on Painting 153
as though their appearance in such a place at all were some-
thing that must have an explanation not obvious upon the
face of it.
The crouching beasts, on whose backs the pillars stand,
generally have a little one beneath them or some animal
which they have killed, or something, in fact, to give them
occupation; it was felt that, though an animal by itself
was well, an animal doing something was much better.
The mere fact of companionship and silent sympathy is
enough to interest, but without this, sculptured animals
are stupid, as our lions in Trafalgar Square—which, among
other faults, have that of being much too well done.
So Jones's cat, Prince, picked up a little waif in the court
and brought it home, and the two lay together and were
much lovelier than Prince was by himself.*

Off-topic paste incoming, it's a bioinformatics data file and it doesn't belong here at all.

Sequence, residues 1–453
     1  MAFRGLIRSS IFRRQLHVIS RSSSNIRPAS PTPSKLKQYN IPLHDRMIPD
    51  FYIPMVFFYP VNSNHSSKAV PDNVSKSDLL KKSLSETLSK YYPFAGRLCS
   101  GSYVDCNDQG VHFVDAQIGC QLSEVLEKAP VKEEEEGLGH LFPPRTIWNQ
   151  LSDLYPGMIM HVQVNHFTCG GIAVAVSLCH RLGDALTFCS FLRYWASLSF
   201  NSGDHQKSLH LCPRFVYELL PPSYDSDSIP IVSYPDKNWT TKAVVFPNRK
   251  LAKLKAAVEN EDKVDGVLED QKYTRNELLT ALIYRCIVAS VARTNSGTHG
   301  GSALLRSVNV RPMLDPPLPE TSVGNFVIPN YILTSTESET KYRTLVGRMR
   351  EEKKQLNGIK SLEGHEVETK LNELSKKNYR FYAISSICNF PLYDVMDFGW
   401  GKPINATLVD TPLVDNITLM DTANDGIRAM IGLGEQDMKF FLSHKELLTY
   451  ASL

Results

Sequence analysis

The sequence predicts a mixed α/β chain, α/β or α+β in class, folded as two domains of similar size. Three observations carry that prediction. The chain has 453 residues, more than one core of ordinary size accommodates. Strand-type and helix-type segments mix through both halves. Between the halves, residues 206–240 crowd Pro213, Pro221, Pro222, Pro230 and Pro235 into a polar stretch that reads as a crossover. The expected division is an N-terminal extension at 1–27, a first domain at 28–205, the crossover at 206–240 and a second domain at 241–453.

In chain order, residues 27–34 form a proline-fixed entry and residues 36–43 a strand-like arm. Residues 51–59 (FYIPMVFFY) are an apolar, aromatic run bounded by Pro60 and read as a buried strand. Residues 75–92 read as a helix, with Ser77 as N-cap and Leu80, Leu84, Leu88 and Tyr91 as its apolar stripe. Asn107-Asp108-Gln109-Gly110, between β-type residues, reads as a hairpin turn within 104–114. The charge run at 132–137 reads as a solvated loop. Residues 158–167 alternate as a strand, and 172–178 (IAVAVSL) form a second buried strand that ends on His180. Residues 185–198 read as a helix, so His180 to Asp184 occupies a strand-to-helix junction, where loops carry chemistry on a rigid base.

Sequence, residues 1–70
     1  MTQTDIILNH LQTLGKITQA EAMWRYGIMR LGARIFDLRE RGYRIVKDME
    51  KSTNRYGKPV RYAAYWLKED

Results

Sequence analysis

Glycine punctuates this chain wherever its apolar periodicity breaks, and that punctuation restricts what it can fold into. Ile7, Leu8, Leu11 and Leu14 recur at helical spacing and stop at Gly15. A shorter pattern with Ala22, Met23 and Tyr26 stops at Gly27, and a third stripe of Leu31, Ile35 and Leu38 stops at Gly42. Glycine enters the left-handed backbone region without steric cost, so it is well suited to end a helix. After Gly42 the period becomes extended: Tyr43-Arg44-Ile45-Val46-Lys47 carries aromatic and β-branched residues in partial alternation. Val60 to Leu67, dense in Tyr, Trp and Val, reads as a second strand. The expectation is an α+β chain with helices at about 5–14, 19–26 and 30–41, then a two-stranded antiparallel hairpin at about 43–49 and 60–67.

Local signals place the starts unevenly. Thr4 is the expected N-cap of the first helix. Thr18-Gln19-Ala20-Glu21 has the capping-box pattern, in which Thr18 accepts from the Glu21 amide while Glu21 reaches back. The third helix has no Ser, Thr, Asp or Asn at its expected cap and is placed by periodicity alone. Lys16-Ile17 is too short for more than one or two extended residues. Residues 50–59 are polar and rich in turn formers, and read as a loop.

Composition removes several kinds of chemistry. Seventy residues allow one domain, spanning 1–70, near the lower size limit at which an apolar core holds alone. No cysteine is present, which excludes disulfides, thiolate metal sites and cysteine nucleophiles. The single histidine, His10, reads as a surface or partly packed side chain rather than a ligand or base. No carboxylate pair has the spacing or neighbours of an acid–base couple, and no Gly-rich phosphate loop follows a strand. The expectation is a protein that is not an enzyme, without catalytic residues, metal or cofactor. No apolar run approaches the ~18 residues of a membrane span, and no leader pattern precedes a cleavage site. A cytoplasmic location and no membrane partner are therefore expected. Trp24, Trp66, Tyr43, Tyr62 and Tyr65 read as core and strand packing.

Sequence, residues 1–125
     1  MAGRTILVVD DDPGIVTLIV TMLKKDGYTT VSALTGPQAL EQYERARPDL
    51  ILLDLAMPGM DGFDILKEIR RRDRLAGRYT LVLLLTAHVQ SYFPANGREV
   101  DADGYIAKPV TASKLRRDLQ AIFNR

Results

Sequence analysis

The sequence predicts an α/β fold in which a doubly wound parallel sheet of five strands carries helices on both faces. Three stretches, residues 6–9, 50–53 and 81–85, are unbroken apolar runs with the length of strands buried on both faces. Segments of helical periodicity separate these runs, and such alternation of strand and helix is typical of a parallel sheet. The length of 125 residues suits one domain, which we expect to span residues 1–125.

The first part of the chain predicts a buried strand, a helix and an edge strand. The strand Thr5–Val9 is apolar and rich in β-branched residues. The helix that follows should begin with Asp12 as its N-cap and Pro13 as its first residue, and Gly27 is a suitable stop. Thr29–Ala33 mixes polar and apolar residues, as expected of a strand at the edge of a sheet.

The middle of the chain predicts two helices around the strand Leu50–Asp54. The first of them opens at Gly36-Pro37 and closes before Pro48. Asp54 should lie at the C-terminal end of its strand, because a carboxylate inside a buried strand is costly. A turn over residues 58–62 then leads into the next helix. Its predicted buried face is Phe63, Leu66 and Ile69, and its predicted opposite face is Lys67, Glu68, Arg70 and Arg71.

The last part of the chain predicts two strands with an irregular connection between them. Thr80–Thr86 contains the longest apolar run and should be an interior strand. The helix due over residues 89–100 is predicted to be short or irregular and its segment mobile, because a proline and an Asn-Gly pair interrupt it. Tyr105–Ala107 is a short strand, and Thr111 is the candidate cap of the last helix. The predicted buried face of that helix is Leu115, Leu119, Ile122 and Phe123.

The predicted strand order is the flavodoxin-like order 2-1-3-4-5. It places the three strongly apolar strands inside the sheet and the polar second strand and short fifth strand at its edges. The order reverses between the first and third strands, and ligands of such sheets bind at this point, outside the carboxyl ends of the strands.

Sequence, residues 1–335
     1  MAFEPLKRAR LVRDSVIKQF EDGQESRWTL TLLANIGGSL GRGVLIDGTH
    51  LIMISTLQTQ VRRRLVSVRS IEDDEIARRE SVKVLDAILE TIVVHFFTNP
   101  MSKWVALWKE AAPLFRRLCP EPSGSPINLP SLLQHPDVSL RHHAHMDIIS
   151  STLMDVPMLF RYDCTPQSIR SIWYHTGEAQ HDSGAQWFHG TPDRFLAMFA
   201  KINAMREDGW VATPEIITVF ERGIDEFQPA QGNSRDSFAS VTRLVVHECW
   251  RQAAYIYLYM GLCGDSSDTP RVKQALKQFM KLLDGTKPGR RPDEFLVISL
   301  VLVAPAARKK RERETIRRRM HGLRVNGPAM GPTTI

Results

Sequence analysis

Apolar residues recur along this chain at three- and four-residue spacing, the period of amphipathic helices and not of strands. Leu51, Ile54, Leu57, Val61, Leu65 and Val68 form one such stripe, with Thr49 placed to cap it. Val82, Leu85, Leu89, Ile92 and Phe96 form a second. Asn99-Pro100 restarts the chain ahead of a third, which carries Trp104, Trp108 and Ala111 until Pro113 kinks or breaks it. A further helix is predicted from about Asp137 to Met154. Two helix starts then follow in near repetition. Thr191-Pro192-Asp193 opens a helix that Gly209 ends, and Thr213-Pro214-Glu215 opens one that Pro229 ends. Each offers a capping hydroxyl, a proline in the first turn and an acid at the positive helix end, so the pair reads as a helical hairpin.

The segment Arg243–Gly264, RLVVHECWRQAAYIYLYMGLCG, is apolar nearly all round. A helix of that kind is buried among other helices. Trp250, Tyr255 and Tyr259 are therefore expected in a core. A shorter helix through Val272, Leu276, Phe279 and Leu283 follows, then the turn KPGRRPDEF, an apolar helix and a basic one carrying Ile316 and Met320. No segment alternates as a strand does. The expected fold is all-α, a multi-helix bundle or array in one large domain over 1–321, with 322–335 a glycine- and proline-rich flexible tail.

Holbein at Basle
How well he has done Night in his " Crucifixion " 1 Also he
has tried to do the Alps, putting them as background to the
city, but he has not done them as we should do them now.
I think the tower on the hill behind the city is the tower
which we see on leaving Basle on the road for Lucerne, I
mean I think Holbein had this tower in his head.
Van Eyck is delightful rather in spite of his high finish
than because of it. De Hooghe finishes as highly as any one
need do. Van Eyck's finish is saved because up to the last
he is essentially impressionist, that is, he keeps a just account
of relative importances and keeps them in their true sub-
ordination one to another. The only difference between him
and Rembrandt or Velasquez is that these, as a general rule,
stay their hand at an earlier stage of impressionism.
* Prince was my cat when I lived in Barnard's Inn. He used to
stray into Mr. Kemp's rooms on my landing (see p. 131 ante). Mrs.
Kemp's sister brought her child to see them, and the child, playing with
Prince one day, made a discovery and exclaimed :
" Oh 1 it's got pins in its toes."
Butler put this into The Way oj all Flesh